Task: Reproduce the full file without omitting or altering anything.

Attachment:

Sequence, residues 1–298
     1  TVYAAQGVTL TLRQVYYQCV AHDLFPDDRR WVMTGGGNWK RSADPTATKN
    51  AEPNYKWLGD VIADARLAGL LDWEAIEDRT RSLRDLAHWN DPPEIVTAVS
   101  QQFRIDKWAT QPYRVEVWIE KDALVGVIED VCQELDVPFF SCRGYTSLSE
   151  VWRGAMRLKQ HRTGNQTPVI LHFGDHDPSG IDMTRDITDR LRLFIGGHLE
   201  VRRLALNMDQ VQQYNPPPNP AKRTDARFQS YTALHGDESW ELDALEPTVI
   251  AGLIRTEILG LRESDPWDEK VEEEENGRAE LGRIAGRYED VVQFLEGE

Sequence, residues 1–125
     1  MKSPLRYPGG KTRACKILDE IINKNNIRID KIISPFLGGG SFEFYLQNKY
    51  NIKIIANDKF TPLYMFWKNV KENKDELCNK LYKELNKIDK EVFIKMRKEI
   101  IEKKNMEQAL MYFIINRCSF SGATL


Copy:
Sequence, residues 1–298
     1  TVYAAQGVTL TLRQVYYQCV AHDLFPDDRR WVMTGGGNWK RSADPTATKN
    51  AEPNYKWLGD VIADARLAGL LDWEAIEDRT RSLRDLAHWN DPPEIVTAVS
   101  QQFRIDKWAT QPYRVEVWIE KDALVGVIED VCQELDVPFF SCRGYTSLSE
   151  VWRGAMRLKQ HRTGNQTPVI LHFGDHDPSG IDMTRDITDR LRLFIGGHLE
   201  VRRLALNMDQ VQQYNPPPNP AKRTDARFQS YTALHGDESW ELDALEPTVI
   251  AGLIRTEILG LRESDPWDEK VEEEENGRAE LGRIAGRYED VVQFLEGE

Sequence, residues 1–125
     1  MKSPLRYPGG KTRACKILDE IINKNNIRID KIISPFLGGG SFEFYLQNKY
    51  NIKIIANDKF TPLYMFWKNV KENKDELCNK LYKELNKIDK EVFIKMRKEI
   101  IEKKNMEQAL MYFIINRCSF SGATL